Saturday, November 14, 2009

Anger Won't Get You Anywhere

A few weeks ago, Duncan and I published an article called “How to Network Without Sounding Phony, Lame or Desperate” on the AOL/Careerbuilder site. At last count, there were 73 responses, most of them angry, resentful, hopeless and raging. One commentator simply wrote, “Blah, blah, blah, blah.” How’s that for effectively moving the conversation forward in a helpful way?

As I read the responses, I got lower and lower in my own spirits. And then I thought, “It’s bad enough to be out of work, and hunting in this terrible market. But how much worse is it to be hauling around so much anger. These people are wrecking their own chances, just by their attitudes.” No, I’m not suggesting you behave like Shirley Temple and tap dance your way through adversity, as she had tap danced her way through the Depression. (Although, many of those songs she sang – “Be Optimistic” is going through my head right now – did have a point. Only now we call it positive psychology.)

Shirley Temple singing \”Be Optimistic\”

I wouldn’t in a million years suggest that you deny your very real feelings, and stuff them down only to have them pop up later like a beach ball submerged in a swimming pool. But I would like to suggest that you take a look at those feelings, recognize what damage they might be doing to your prospects, and decide which ones you really want to hold on to. And then which ones you might want to replace with a more productive attitude.

Anger is wrecking your chances for getting out of these economic times with an intact career (however interrupted it might be). Researchers have discovered that negative thinking actually inhibits your ability to come up with creative approaches for your situation. When you approach your life and world through a negative frame of mind, you inhibit what is known as your temporary thought-action repertoire. This is actually an evolutionary phenomenon…a positive attitude helped us survive in the wilderness by coming up with creative solutions to that tiger making a bee-line for us. Conversely, a negative attitude would freeze us in his sites, with a big deadly “duh” overwhelming our brains. And soon we would become tiger mortadella.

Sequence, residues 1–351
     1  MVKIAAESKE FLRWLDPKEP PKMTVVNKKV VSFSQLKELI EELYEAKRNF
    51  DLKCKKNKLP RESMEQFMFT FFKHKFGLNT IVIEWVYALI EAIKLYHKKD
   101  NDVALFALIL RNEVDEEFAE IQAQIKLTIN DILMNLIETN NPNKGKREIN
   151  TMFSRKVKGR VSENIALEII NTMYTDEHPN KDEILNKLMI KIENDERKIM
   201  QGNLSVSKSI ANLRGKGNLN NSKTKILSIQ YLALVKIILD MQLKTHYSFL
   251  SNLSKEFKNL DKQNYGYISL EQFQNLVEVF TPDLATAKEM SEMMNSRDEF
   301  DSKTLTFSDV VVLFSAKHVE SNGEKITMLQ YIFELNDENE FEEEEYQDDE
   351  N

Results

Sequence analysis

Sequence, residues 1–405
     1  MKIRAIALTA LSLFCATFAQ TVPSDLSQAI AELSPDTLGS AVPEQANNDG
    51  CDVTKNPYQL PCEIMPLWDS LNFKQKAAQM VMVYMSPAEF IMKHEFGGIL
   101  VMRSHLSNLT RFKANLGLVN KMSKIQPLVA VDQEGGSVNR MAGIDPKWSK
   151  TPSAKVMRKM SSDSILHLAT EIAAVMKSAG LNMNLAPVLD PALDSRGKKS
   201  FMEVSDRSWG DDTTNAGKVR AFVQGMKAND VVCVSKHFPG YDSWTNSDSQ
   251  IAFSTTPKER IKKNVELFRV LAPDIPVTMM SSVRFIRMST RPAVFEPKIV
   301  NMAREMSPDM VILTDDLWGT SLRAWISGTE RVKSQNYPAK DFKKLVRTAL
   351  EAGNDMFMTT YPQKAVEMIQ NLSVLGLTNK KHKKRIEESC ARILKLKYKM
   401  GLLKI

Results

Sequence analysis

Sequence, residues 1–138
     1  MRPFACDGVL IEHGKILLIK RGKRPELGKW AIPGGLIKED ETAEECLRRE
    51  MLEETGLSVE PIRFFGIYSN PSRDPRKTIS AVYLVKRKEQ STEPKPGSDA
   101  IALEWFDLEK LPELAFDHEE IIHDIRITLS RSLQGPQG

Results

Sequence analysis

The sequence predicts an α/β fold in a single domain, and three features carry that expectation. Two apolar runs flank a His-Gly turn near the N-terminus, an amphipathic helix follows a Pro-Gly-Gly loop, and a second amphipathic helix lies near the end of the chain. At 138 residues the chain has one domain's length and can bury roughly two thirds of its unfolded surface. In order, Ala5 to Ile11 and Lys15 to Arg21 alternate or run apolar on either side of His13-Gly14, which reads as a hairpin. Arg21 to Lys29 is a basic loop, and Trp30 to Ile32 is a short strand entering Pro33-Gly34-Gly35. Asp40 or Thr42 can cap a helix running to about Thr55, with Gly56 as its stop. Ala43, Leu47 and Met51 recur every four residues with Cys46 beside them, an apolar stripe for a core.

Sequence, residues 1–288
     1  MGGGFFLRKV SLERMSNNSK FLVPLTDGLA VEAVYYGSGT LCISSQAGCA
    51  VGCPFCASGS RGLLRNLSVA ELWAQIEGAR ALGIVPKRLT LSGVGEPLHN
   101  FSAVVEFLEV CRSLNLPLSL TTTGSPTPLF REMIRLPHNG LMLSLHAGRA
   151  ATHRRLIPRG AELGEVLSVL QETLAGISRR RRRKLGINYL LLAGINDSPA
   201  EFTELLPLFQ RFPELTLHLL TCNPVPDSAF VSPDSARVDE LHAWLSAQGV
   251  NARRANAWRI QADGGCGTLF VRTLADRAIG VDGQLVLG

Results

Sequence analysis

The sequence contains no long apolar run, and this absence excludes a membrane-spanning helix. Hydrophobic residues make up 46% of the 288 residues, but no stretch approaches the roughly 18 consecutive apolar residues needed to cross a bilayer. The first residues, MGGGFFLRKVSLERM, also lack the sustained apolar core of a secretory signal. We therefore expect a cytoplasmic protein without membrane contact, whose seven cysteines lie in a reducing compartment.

Anger only attracts other angry people. When you’re in a good mood, it’s not long before you want to move away from someone who is doing nothing but complaining. You know that. So do you really want to hang out with other people who have nothing to add to the conversation beyond agreeing with you that it’s hopeless out there? I’m thinking you’d probably want to spend at least some time with people who have an upbeat outlook on life. Well, what do you need to do to change yourself so they’d want to hang out with you?

Anger keeps you from seeing things the way they are now and changing your strategies accordingly. A lot of people are angry because it’s not as easy finding a job as it was three years ago. Okay. So? The New Age crowd has an expression that absolutely drives me up the wall. And that is: It is what it is. As much as I hate that expression, it fits here.

We can rage that the present isn’t what the past used to be. But where is all that expenditure of energy getting us? If we’re so busy mourning the fact that the old opportunities have gone away, we’re not using this precious time to discover what the new opportunities are. Okay, so the old methods of job search are as extinct as our negative-mindset ancestor staring down the charging tiger. What would be more productive from this point forward? Focusing on what’s past? Or identifying what the new skills and techniques are today that will land us the jobs we’re looking for?

No one’s going to want to hire you if you’re angry. You may have been a rock star in your profession last year. You may look flawless. But if you have given yourself over to anger and frustration, that smell is going to seep through your pores just as unmistakably as if you had just been on a bender. Your interviewers won’t be able to get you out of their offices fast enough.

Do I really have the nerve to tell you not to be angry? Not on your life. But what I would like to suggest is this: Don’t let your anger keep you from achieving your dreams and meeting your potential. Feel that anger if you want to. Wallow in it every day if it makes you feel better. But assign yourself a budget of time in which you can go there, break things (only cheap, replaceable things that belong only to you), holler so loud the neighbors can hear you, if you have to (although I wouldn’t recommend it). Set a timer, if you must.

And when that timer dings, show’s over. Settle back down to the business of building the life that will make you happy.

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